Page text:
Fear of Public Speaking is Not Real
While walking in the forest with a friend, a pretty green snake slithered across our path. I let out a yelp of surprise, which caused a number of birds to shriek and flutter, as well.
"I didn't know you were afraid of snakes," teased my friend.
"I'm not," I denied, embarrassed. "I was startled."
Hand me a snake, and I wrinkle my nose. I don't particularly care for the feel of the creatures. And I don't get much of an opportunity to interact with them on a daily basis, either.
Instead of fear, my negative reaction to snakes has more to do with that one-two punch: lack of familiarity coupled with a lack of preference.
Is it really fear?
People often state that their number one fear is "speaking in public". But are people really terrorized by public speaking -- or is it simply that they prefer not
to give presentations to large groups? Or that they don't speak in front of groups on a regular basis?
Or is it because it is considered socially acceptable to live in fear?
Consider the two prerequisites that make people thoughtlessly say they're afraid of public speaking when they really aren't:1. Lack of preference:
Perhaps people don't like the "feel" of public speaking. After all, speaking to friends in a conversational manner "feels" right and natural. Speaking in front of a group can "feel" forced and unnatural. Why?2. Lack of familiarity:
Many folks don't get an opportunity to practice public speaking on a daily basis. If these folks spoke in public regularly, perhaps the creepy feeling associated with presenting would dissipate.Add some negative programming.
Now, add to this one-two punch the repeated drumming of years of socially acceptable negative storytelling. My friend instantly tagged my negative reaction to the snake as "fear" -- but it only looked that way
. Imagine all the times you may have been amazed or startled by the unfamiliar -- your eyes widen, your heart races, your knees buckle, you may even scream -- and your friends and family label this as "fear".
What about excitement? What about surprise? What of wonder? Amazement? Why call it fear? Why repeat the myth?Fake fear is easy to spread.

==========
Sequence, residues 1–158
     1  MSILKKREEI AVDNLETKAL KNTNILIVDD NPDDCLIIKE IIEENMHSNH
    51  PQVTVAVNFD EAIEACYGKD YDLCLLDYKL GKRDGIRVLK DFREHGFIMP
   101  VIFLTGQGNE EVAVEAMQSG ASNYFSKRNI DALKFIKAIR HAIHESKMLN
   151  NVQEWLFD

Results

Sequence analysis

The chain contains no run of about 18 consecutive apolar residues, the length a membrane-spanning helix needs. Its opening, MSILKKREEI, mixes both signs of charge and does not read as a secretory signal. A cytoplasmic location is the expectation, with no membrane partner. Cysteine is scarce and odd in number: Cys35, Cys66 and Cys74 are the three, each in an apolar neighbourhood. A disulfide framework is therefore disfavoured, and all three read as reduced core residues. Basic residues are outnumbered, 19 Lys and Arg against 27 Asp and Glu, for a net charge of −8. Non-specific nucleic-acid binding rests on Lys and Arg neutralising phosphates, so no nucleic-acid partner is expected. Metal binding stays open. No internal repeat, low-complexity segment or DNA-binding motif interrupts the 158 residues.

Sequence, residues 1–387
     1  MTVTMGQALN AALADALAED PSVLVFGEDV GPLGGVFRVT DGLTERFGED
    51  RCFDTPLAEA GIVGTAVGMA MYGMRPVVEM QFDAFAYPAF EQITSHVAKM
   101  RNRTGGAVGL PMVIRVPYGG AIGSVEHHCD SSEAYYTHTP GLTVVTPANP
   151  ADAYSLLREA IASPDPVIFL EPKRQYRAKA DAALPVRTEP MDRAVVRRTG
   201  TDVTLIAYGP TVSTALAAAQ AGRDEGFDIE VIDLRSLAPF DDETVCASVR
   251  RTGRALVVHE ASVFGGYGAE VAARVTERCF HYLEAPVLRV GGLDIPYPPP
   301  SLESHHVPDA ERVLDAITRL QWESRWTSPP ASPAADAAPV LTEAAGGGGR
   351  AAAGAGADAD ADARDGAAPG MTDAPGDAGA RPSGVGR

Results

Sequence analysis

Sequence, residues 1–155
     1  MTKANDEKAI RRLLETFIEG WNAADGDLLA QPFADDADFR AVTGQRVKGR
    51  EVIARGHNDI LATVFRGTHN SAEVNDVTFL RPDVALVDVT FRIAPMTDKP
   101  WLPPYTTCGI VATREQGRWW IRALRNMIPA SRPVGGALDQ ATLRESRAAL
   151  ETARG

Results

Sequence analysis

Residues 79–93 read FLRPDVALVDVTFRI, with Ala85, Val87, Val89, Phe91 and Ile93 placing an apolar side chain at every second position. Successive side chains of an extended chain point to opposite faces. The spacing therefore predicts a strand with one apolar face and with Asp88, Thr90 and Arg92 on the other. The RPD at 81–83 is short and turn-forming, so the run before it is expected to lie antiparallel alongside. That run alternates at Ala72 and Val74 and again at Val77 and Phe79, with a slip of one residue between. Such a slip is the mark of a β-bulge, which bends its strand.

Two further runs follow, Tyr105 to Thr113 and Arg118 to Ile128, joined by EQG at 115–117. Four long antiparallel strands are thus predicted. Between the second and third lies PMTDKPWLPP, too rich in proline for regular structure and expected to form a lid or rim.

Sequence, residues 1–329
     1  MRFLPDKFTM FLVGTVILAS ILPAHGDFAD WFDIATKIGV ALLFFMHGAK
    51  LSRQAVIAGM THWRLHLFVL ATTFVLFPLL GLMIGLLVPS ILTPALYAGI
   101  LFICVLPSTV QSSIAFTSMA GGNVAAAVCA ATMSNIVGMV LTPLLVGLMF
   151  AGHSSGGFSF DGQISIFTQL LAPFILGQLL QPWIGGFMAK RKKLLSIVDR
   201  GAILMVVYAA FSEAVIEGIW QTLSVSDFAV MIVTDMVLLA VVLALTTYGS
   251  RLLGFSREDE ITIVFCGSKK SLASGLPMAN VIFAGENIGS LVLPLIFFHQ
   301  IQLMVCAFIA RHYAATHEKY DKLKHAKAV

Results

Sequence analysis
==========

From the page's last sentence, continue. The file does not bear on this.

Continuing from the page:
The physical manifestations associated with fear can be contagious! When I yelped at the snake, the birds fluttered and squawked in reaction to my outburst. Even my friend jumped a little when I screeched -- even though she didn't even see the snake
. She wasn't "scared" of me -- she reacted to my reaction!Preference is a harder story to sell.
I still don't like snakes. And I don't care for chocolate-covered Graham crackers (yuch)! But when I wrinkle my nose and say "Ewwww!!!" at the offer of a cracker, no one labels me "afraid" of crackers! Spreading the myth of the "fear of snakes" is easy. It's a popular phobia. But spreading a story about "doesn't prefer crackers" is hard. It isn't very emotional or dramatic.You are not afraid
! Most people who claim to be afraid of public speaking -- aren't really. They don't get on stage and start screaming in terror. No, they just don't like to speak in public -- so they avoid it. And when they do, they are out of practice and nervous -- and don't know to interpret or effectively use their adrenaline. They get the shakes. Their voice quivers. This gives them the perfect excuse to parrot the socially acceptable "I'm afraid of public speaking".Don't be a parrot!
So, if you claim to be afraid of public speaking, find moments in your life when you didn't show it. For example, how scared were you in first grade, when "Show and Tell" was a regular part of your curriculum? You told an engaging story to the class using props. And you probably did it often and enthusiastically. What changed from then to now? What or who convinced you that you feel "afraid"? And why did you repeat this myth as if it were the truth?Face the real truth.
Find out what convinced you that you were afraid, and bravely face it. Make it socially unacceptable to thoughtlessly parrot "fear" as a valid label for something unfamiliar, unknown, or unlikeable.